We are very pleased to bring you a guest post from Sarah Shaffi and Wei Ming Kam, founders of BAME in Publishing, a group which aims to support and encourage people from Black, Asian and minority ethnic backgrounds in the publishing industry.
Last year, they wrote a blog post for us about why they set up the group and provided some advice for working in the industry, which you can read here.
One year on, they reflect on their experiences of the group, and if anything has changed:
Five things we’ve learnt in a year of BAME in Publishing…
A year ago we set up BAME in Publishing – a networking group for people from black, Asian and minority ethnic backgrounds working in publishing, or wanting to break into the industry. Here are five things we’ve learnt from running the group.
BAME in Publishing fills a gap
When we set up the group, we weren’t sure if anyone was going to be interested, but even a year later we’re still getting new members, and all our meetings are full. It’s shown us that there is a real thirst for a group and a space when BAME people can form relationships, get career advice, and feel like they belong.
Don’t be afraid to ask for help/favours
We’ve turned to a lot of different people for help with various things and have been surprised how many want to support us in any way they can. We’ve been offered venues to host meet ups from publishers and bookshops, and it’s been heartening to know that much of the industry supports the work we do.
There are BAME people in the industry
Sometimes it feels like there are hardly any people from BAME backgrounds working in publishing, but running BAME in Publishing we’ve seen that this isn’t true. Our members come from all kinds of companies – big, small, trade, academic, publishers, agencies and so one. BAME talent is out there, which is encouraging, however…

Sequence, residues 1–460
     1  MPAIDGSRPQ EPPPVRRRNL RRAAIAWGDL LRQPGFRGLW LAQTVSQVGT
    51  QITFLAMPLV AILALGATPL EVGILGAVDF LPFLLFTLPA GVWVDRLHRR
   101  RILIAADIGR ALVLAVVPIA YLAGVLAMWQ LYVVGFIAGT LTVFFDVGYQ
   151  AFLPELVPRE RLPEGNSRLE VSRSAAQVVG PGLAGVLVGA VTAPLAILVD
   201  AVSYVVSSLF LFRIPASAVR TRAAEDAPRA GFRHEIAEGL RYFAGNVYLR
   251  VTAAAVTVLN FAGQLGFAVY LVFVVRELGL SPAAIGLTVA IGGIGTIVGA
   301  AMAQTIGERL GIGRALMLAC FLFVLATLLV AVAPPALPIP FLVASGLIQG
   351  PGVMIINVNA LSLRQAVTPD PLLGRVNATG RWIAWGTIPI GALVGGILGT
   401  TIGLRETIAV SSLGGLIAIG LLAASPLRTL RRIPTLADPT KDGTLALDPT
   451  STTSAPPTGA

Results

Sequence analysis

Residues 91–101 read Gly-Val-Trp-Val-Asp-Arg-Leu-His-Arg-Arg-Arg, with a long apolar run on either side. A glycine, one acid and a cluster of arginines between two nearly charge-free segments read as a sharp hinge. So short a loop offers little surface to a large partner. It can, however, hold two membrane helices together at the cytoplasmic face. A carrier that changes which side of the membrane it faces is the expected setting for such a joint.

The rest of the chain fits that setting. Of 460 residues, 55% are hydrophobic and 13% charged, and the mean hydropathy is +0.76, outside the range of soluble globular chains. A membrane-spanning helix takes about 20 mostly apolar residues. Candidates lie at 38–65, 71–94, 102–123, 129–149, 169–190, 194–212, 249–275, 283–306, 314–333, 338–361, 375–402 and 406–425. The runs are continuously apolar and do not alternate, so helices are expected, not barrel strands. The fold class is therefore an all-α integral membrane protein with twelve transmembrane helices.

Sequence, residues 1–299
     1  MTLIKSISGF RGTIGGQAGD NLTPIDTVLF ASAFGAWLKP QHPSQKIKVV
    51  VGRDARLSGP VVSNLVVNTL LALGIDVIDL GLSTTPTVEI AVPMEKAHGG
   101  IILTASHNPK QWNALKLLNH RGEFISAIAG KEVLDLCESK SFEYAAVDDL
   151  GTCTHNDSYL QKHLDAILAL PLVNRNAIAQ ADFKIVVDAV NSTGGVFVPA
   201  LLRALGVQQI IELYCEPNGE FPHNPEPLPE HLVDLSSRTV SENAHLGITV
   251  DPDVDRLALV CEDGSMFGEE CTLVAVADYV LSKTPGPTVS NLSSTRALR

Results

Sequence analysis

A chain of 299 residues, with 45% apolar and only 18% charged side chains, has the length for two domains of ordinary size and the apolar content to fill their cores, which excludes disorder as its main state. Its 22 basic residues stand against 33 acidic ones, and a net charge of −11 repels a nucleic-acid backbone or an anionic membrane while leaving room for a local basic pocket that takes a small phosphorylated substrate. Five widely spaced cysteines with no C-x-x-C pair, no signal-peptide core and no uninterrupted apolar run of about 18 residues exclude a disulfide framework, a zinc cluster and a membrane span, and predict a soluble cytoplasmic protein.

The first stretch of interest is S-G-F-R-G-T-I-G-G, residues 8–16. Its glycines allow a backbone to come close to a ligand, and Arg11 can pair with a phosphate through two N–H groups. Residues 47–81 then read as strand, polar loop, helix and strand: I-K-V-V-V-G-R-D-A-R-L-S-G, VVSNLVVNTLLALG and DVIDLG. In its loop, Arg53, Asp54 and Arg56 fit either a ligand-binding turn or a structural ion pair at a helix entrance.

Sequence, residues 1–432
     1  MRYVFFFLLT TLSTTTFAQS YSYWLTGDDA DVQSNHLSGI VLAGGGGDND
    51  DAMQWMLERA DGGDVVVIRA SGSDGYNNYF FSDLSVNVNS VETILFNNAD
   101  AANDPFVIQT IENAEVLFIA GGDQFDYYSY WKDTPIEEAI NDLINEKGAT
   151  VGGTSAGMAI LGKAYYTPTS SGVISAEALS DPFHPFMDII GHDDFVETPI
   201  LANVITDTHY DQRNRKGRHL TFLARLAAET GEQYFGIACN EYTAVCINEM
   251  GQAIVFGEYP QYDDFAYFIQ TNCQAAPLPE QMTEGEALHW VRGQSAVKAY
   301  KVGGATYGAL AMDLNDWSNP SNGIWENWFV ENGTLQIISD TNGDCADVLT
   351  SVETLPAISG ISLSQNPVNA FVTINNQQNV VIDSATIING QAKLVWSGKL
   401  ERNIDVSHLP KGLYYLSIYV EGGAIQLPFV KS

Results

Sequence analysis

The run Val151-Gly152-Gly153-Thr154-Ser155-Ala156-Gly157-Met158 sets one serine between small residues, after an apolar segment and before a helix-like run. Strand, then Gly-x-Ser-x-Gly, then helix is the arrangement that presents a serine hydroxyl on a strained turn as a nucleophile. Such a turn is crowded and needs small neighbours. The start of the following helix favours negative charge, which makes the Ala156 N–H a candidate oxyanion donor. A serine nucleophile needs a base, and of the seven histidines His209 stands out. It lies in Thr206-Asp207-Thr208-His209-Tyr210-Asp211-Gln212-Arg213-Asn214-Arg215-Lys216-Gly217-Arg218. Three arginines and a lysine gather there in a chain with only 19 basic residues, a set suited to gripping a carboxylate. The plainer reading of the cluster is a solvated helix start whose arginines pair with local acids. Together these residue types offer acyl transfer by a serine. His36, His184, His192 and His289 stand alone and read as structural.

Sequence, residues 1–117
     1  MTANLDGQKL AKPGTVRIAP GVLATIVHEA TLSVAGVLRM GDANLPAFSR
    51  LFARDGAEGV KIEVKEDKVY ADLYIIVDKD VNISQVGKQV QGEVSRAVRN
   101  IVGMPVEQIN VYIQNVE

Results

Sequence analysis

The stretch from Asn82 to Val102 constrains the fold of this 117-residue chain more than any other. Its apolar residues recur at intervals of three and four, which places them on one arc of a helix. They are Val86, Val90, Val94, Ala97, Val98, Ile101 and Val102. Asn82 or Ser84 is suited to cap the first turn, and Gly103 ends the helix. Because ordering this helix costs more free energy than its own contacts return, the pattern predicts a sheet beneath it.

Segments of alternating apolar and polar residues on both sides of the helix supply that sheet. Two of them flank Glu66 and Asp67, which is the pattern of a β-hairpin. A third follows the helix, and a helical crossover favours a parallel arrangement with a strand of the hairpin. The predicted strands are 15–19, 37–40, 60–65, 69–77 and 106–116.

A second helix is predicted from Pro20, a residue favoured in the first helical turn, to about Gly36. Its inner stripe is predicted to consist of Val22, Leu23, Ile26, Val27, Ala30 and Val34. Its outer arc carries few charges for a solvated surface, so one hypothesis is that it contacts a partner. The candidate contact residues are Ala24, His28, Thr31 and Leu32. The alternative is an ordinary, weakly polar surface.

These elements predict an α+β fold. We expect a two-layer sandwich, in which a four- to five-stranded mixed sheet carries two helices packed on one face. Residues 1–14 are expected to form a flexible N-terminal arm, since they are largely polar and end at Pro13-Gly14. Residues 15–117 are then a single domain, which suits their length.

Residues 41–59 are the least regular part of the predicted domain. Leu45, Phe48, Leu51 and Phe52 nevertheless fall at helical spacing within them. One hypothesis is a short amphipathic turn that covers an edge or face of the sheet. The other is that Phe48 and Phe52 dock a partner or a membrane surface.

There is a long way to go
It’s clear from our membership that a lot of the BAME talent are in junior positions. There are definitely some great senior role models out there (Ailah Ahmed from Virago, Natalie Jerome and Perminder Mann at Kings Road Publishing to name a few), but more needs to be done to make sure junior staff rise up the ranks quickly so that they can affect real change when it comes to the ethnic diversity of the industry. However, we do think that…
One thing we see at meeting after meeting is that there are so many talented people coming into publishing who want to make a difference, publish brilliant books, and be the leaders of tomorrow. We have no doubt that today’s bright young things will be heading up tomorrow’s publishing houses.
Sarah Shaffi is online editor and producer at The Bookseller and tweets @sarahshaffi . Wei Ming Kam is sales and marketing executive at Oberon Books and tweets @weimingkam.
For more on BAME in Publishing, visit bameinpublishing.tumblr.com. You can also check out the #BAMEinPublishing hashtag on twitter and follow them on Instagram.
The group meets regularly, mostly in Central London. If you are interested in joining, please email firstname.lastname@example.org with your full name, email address, company you work for and your position (if applicable).
BAME in Publishing has been shortlisted for the #HClub100. Vote for them here!
Atwood Tate Limited embraces diversity and aims to promote the benefits of diversity in all of our business activities. For more information visit our policies page https://www.atwoodtatepublishingjobs.co.uk/policies/